Kitchen Garden Estate is a bit of a strange beast. Its sub-title is “Traditional country-house techniques for the modern gardener or smallholder”, but if you are looking for a practical guide to running your own smallholding or even for growing your own, then this, perhaps, is not the book for you. If, however, you have an interest in garden and estate history in relation to food production then this will be of interest. Having visited a few estates, and enjoyed looking at the productive gardens, I have to say I did enjoy this book very much. I won’t however, be transferring much of this to my day-to-day allotmenteering, though I must admit I do now hanker after a bee house.
After a brief historical introduction to growing your own, the author examines the development of the production of the range of foods grown on the grand estates of England and Wales. Alongside this we are provided with sample recipes from National Trust archives and contemporary authors. I'm very tempted to make the plum, apple and pear cake but rather less tempted by the eel recipe from Izaak Walton. Call me a wuss, but any recipe that requires you to re-slide the skin back over your meal before securing it where the head would have been if you hadn't just cut it off has me reaching for a ready meal instead.
The development of fruit and vegetable gardens over time, including overseas influences, is examined. The change from place of beauty to hidden utilitarian workspace (though often no less beautiful, with serried ranks of perfect veg and espaliered fruit) is charted as garden fashions change and landscaped parklands become more common. And it's always nice to read the story about Lord Leconfield and his banana.
Pinery at Tatton Park
Melon yard at Spetchley Park
Trained fruit trees at Tatton Park
Of course, most people don't have a walled garden. Nor do many have an orangery, such as that at Croome Park - estate owners in former times were keen to ensure that buildings in the landscape were beautiful as well as functional. This orangery was designed by Robert Adams, and had an underfloor heating system.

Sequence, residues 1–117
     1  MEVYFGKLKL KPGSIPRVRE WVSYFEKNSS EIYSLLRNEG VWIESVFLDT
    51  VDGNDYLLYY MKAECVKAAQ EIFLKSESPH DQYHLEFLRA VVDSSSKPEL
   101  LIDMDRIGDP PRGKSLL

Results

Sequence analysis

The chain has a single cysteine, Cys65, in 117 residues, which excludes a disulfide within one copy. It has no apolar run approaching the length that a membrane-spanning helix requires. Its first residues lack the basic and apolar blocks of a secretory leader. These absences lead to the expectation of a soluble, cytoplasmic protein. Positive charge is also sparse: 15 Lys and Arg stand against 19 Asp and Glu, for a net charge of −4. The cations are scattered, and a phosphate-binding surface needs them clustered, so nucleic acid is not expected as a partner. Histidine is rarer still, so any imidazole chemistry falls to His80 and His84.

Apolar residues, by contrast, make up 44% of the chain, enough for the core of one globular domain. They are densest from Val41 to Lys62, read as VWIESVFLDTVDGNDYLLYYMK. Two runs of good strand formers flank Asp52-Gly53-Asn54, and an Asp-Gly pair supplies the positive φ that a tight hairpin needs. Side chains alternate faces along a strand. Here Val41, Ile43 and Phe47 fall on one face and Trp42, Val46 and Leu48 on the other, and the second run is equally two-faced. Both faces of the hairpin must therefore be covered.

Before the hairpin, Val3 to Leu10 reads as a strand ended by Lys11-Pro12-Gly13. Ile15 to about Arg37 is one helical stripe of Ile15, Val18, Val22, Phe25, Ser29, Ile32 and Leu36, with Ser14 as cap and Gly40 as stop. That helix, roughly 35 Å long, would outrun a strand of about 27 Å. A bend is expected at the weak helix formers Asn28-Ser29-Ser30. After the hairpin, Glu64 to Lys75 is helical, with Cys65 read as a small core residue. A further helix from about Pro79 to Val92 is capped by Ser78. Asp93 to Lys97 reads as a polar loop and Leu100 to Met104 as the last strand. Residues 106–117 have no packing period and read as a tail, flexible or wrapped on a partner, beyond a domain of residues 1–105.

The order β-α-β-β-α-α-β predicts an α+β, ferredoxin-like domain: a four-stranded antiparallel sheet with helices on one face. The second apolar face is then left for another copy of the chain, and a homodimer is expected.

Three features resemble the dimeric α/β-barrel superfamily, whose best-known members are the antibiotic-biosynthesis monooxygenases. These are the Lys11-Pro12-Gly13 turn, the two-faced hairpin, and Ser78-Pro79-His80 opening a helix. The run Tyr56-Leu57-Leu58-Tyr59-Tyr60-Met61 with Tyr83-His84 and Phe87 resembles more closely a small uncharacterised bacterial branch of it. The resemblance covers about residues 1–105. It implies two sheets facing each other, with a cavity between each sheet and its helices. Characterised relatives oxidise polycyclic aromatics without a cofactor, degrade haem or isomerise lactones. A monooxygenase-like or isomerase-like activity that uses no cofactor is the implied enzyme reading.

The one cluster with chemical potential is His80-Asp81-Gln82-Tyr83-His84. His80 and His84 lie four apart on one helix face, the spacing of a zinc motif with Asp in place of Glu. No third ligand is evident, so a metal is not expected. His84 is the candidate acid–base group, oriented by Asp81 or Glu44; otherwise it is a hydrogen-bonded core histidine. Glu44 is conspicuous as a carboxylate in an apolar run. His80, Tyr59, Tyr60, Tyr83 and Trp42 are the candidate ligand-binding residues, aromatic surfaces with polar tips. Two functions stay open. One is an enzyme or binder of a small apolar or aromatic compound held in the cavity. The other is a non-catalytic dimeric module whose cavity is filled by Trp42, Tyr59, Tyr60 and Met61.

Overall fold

The orangery at Dunham Massey is not quite as grand, but still rather impressive - which was rather the point.
The author makes comment that little is new in the area of gardening and food production - the recent trend for forest gardening has been around for a long time.
Other areas covered include beekeeping, fishponds, dovescotes and poultry, and dairying. As someone who has some knowledge of modern dairy processing plants, it was fascinating to see what an 18th century dairy looked like - a thing of beauty with Wedgewood tiles and dishes. Sadly nowadays, it's all stainless steel - easier to keep clean, but utility writ large, and most certainly not a thing of beauty.
Whilst many of us might be able to make use of some of the fruit and veg growing techniques used in large estates, and even urban hen-keeping is relatively common, few can hope to have their own stew pond, dairy, model farm or deer park. This is perhaps where the sub-title of the book falls down.
Part history book, part gardening/smallholding book, part cookbook, supported by historical images, this is a book which may try a little too hard to jump on the 'grow your own' bandwagon. However, as a very readable look at how food production has developed over the years on large estates, it is very interesting.
Deer inWe might not be able to fit a deer park or a stew pond into the modern garden, but it's somehow nice to know that I grow some vegetables that the Tudors considered 'deintie dishes'. Thanks to this book, I can make that link to the past.
my back garden Tatton Park
Kitchen Garden Estate - traditional country-house techniques for the modern gardener by Helene Gammack, published by National Trust. ISBN 97819078929127
(All photographs in this post are my own).